I had an agent explain to me how some inspectors get labeled as deal killers. I told them I didn't see it that way. I told them those types of inspectors give the agents a chance to show their client how hard they're willing to work for them. The client didn't hear that comment. The reason is, the agent was too chicken to raise the topic in their presence.

I havn't been inspecting very long. I ran across a few agents that didn't impress me very much. I forgot them. There were a couple of agents that were very professional in my presence. I'll remember them.

Keep up the good work you all.

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Having gone over these issues for >20 years, I'd say this business is one of the goofiest in terms of business practice.

As a start (and actually, as a finish), the best practitioners (HI's) are penalized by the referring marketplace (realtors). On the plus side, who the heck gets their HI from a realtor nowadays?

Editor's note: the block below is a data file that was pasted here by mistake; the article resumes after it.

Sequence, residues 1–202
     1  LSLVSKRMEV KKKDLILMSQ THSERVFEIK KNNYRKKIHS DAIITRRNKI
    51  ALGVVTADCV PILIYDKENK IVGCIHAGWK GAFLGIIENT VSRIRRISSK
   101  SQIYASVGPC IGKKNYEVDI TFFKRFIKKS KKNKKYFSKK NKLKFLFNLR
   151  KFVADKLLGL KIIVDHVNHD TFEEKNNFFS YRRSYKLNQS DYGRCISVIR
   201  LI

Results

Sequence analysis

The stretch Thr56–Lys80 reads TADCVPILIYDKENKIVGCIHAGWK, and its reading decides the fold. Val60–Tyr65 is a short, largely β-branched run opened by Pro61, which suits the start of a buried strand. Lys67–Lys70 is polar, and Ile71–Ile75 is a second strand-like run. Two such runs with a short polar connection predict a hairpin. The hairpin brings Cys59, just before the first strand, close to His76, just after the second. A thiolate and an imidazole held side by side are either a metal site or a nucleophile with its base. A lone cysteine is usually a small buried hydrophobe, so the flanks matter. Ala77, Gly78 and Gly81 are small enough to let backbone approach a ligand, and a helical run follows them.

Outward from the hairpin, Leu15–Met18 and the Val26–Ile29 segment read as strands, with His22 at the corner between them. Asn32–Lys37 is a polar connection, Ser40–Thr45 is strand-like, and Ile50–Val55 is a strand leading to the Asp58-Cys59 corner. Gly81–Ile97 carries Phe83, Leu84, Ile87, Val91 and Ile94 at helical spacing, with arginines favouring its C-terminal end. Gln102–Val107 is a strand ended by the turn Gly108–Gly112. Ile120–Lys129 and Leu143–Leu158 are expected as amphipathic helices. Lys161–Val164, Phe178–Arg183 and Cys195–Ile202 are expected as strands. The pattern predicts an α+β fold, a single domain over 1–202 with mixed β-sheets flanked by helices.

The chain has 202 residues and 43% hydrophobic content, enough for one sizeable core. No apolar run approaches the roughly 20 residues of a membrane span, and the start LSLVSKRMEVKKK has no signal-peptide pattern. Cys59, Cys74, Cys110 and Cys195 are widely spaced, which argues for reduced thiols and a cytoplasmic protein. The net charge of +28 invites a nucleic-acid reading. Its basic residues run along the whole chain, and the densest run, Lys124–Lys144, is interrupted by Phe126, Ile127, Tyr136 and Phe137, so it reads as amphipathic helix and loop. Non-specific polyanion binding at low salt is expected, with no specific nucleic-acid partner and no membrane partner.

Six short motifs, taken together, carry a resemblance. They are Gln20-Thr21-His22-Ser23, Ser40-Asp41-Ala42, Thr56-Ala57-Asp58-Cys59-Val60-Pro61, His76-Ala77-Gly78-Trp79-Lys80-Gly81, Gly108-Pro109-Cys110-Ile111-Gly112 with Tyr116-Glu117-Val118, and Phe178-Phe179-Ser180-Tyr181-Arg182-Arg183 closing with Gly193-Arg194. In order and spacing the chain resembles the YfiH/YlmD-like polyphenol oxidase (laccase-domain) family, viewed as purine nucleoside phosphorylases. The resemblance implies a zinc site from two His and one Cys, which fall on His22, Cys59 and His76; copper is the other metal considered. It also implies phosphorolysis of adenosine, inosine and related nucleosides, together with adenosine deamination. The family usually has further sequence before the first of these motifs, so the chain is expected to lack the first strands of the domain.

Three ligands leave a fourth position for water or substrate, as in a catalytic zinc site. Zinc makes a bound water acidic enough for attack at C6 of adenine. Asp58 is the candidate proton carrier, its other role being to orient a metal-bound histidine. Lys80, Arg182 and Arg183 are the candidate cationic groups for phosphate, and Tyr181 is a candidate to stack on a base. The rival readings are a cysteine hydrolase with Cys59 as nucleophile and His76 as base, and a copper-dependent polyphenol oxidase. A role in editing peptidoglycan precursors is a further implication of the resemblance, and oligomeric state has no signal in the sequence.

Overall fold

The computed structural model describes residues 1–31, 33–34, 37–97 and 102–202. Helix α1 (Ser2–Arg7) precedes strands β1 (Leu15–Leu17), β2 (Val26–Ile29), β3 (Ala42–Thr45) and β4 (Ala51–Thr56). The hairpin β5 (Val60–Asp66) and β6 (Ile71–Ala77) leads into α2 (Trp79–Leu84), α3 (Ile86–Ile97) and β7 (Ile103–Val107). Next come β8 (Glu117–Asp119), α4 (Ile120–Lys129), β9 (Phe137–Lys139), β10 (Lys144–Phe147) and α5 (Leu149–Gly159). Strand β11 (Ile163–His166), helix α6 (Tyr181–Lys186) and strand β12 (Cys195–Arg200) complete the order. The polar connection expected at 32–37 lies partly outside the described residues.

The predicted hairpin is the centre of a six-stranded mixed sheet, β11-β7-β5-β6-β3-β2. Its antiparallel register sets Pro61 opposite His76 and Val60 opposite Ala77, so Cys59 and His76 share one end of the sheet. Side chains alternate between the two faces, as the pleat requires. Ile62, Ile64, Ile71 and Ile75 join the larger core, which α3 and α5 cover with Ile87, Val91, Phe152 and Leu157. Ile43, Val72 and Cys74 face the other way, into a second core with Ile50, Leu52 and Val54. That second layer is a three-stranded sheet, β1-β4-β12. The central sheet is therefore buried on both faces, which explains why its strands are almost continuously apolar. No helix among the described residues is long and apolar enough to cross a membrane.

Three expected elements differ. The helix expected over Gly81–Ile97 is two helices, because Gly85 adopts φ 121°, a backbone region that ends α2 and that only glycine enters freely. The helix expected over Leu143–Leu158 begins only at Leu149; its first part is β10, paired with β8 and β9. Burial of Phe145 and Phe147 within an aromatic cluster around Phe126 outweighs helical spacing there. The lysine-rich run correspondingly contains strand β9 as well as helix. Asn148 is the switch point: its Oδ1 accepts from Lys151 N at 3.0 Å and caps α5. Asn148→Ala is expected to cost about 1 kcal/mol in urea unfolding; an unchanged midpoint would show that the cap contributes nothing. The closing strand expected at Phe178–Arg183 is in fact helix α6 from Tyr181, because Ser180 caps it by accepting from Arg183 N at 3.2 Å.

Plainly and simply, approximately half of my phone calls start with the sentence (paraphrased for simplicity) "You did a job for an acquaintance/work associate/family member of mine and they told me what the realtor said about you. Last time, I used the guy the realtor referred and I got so totally screwed. If the realtor thinks you're a creep, you're the guy I want."

Again, paraphrased, but accurate in tone and intent.

I get jobs because of what folks hear the realtors say about me. Heck, when I run into the ones that I know are actively slamming, I give them a big smile and tell them to keep talking bad about me because it's really good for business.

A poll authorized by ASHI recently found that in the list of people folks listen to regarding their purchase, HI's came in 3rd, right after the buyers' spouse. Realtors, attorneys, and everyone else came in dozens of percentage points behind HI's.

Everyone is hip to the realtor sucker punch. Realtors aren't going away, but they're influence on the decision making process is almost non-existent nowadays.

The pendulum is always swinging and I don't care if it's a buyers or sellers market. Folks want unvarnished facts, and that's not going to change.

I give folks facts. I'm just a professional list maker.

There's lots of folks that can "out-code" me, or can list the minutae of a house in more detail than me, but there isn't anyone in my market that understands how it all fits together and what it is going to cost to operate a particular building. And where this all boils down to, eventually, is cost.

I think that's what really pisses the realtors off about me. I understand their "job" better than they do, and my customers know it.